Wednesday, November 17, 2021

Cooper Creek Reservoir

The day before this little outing at Cooper Creek Reservoir, I had hiked on the Bolt Mountain Trail under mostly sunny skies and relatively warm sunlight. The one exception to the summery vibe occurred when I rounded the north side of the mountain, where the temperature dropped precipitously in a hint of things to come this winter. Fortunately, that frigid little interlude was relatively short-lived as I emerged back into the bright sun after a mile of hiking in the cold. Contrast that with this day's hike along Cooper Creek Reservoir where the gray day was as unflinchingly cold as a predator's calculating gaze. Seemed like, at least on this day, the entire world was on a cosmic north-facing slope.

A very calm and quiet lake and morning

This was a hike among friends and the five of us began hiking in easy companionship across the lake's dam, the cold air slapping our rosy cheeks (of our faces, to be clear) like an outraged diva. Winter cometh and noses runneth, and I hadn't brought gloves or a knit cap so right away my fingers went numb and my head went dumb, thanks to the frosty temperature. Because fingers are not overrated, my hands took alternate turns at some quality pocket time, and cold digits were grateful until their time in the warm pocket was up. The runny nose problem was taken care of with perfunctory swipes from the back of my non-pocket hand and I wonder why nobody will shake hands or fist-bump with me.

The lake needs to kick its smoking habit

All members of our party were Cooper Creek regulars since the lake is so close to Roseburg and we get out there fairly often. Accordingly, it was readily apparent to all concerned that despite the recent runs of rain, the lake level was pretty low. Exposed shores or not, the lake was as preternaturally calm and serene as a monk in deep meditation. The scenery was in grayscale though, seeing as how the sky was overcast, and the dark waters of the lake could only reflect back the same overall grayness. Vapor emanated from the black water of the lake as we hiked by, ourselves uncharacteristically matching the tranquility out of respect for the peaceful scene. We also matched the whole vapor-emanating thing too, as our breaths hung in the still air like so many miniscule cumulonimbus clouds.

Salal contributes some local color

The forest surrounding the lake was damp and sodden thanks to the aforementioned recent rains. There were still some vestigial remnants of autumn in the form of colorful blackberry, salal, and wild rose leaves; along with occasional yellow maple leaves still clinging to life and mother tree alike. Where there were maple trees, the path was carpeted with dead leaves underneath and our boots churned the leafy detritus into the muddy trail. The overall dampness on the trail tread created a few unexpected mud-ski and skating "opportunities" for hikers every now and then.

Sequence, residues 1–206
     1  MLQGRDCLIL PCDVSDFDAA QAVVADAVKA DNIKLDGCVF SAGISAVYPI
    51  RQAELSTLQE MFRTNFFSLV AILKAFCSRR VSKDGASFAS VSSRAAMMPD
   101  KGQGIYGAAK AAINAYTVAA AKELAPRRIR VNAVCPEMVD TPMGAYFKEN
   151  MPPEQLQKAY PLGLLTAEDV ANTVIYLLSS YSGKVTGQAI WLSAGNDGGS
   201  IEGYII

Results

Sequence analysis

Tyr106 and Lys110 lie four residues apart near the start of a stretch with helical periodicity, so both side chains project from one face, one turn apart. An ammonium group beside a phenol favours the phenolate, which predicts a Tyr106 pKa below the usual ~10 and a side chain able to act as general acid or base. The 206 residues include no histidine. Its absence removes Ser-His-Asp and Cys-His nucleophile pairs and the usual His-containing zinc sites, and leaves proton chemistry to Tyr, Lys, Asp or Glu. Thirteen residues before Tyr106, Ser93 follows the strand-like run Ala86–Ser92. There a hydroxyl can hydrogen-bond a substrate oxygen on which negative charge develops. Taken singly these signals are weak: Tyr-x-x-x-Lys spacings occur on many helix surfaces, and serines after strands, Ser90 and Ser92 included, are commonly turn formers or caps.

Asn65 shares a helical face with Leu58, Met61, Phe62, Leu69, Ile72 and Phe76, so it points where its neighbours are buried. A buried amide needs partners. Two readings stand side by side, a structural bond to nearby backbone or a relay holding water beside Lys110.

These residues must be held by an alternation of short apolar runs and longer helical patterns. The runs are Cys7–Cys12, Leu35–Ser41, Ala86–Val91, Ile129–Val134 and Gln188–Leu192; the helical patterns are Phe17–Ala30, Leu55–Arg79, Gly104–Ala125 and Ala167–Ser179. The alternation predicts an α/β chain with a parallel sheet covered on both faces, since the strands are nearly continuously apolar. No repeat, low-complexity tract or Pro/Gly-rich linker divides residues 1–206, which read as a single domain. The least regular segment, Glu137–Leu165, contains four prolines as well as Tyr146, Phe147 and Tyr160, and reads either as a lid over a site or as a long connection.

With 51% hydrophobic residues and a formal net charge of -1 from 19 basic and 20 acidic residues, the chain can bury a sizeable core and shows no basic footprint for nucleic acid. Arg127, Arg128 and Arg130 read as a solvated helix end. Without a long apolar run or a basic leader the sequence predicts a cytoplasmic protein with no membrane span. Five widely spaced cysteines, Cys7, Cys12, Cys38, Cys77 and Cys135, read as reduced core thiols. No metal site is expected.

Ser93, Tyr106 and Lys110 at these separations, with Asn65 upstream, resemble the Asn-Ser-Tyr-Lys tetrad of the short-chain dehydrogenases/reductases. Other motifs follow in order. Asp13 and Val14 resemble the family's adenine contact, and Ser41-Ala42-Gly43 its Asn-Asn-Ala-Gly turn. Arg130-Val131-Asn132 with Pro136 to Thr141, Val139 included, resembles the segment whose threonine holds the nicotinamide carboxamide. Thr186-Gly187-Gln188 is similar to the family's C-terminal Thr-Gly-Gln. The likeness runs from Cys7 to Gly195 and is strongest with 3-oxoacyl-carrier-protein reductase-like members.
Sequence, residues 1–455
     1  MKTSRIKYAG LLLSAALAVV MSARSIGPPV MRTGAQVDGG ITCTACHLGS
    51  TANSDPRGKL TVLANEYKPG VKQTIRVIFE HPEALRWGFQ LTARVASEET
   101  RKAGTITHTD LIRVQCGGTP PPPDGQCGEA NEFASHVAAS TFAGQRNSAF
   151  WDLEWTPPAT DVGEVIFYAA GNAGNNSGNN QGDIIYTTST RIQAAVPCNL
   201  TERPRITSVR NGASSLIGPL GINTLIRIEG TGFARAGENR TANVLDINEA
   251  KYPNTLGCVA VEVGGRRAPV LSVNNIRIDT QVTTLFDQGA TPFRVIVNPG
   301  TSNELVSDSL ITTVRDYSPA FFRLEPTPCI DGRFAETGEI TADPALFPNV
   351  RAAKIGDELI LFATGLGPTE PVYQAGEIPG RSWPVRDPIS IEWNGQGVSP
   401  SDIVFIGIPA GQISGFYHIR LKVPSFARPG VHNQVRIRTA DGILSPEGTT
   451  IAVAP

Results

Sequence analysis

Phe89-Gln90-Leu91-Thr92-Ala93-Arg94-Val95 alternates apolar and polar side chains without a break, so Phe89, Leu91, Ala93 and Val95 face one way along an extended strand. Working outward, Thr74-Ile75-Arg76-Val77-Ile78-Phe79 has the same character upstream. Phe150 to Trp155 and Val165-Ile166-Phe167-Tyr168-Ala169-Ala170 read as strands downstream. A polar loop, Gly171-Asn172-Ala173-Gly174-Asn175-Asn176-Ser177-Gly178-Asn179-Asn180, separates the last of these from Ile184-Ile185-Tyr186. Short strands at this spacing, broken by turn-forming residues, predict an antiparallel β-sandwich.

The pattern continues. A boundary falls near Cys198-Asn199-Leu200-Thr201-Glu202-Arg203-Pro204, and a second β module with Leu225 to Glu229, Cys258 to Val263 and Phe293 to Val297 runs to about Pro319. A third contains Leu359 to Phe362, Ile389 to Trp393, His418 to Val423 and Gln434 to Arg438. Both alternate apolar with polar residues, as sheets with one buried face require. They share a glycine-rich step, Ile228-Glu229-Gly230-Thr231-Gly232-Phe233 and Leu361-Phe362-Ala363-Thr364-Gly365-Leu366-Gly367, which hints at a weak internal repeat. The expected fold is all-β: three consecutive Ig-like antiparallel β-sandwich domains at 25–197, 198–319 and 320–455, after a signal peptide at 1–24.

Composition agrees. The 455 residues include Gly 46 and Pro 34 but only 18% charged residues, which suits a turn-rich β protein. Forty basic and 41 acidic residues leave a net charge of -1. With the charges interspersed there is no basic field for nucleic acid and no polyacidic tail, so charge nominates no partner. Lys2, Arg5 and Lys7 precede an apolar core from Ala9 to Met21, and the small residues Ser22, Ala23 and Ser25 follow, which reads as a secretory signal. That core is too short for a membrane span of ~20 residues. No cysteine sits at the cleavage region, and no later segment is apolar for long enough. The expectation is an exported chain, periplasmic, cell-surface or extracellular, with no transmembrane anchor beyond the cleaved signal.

Trail through a damp forest
next to an even damper lake
The morning had warmed up a degree or two as we hiked along the quiet lake but the exertion of hiking was the primary reason for warming erstwhile cold bodies. The trail around Cooper Creek Reservoir is not particularly rugged but does serve up a regular dose of up and down hiking. So, winter cometh but hiking warmeth uth. Tho thorry.

A meadow forms where there once was a lake

Cooper Creek Reservoir is long and narrow, almost fjord-like, and the trail rounded the Cooper Creek inlet end after a couple of miles. As mentioned, the lake was low and the retreating shoreline had been supplanted in turn by a rather vigorous meadow of tall grass, mostly dry and desiccate this time of year. Now heading back in the general direction of where we had started from, we stopped for a lunch and laze at a convenient picnic table near the boat ramp.

The forested part of our hike

At this point we discussed options for the remainder of the hiking route. We could turn around and go back the way we came or we could continue on and circumnavigate the body of water. The circumnavigation could be completed by either a road walk or by bushwhacking along the shore. John, Patty, and I (namby-pambies!) opted for the road walk, which I'd never done before, while honorary he-men Jennifer and Gayle (and canine friend Sammy) opted to bushwhack around. All routes were soon perfunctorily hiked and we all met up at the trailhead in short order.

Blackberry does not have black leaves

The cold conditions on this hike were not necessarily dire but they did serve as warning for what is to come. Accordingly, my day pack has since been restocked with winter essentials such as crampons, mittens, ski cap, balaclava, and a flask of scotch which will almost guarantee that none of those items will ever be needed (excluding the scotch, that's always useful) during a winter hike. That's just how it works. 

Almost too quiet!

For more photos of this hike, please visit the Flickr album.

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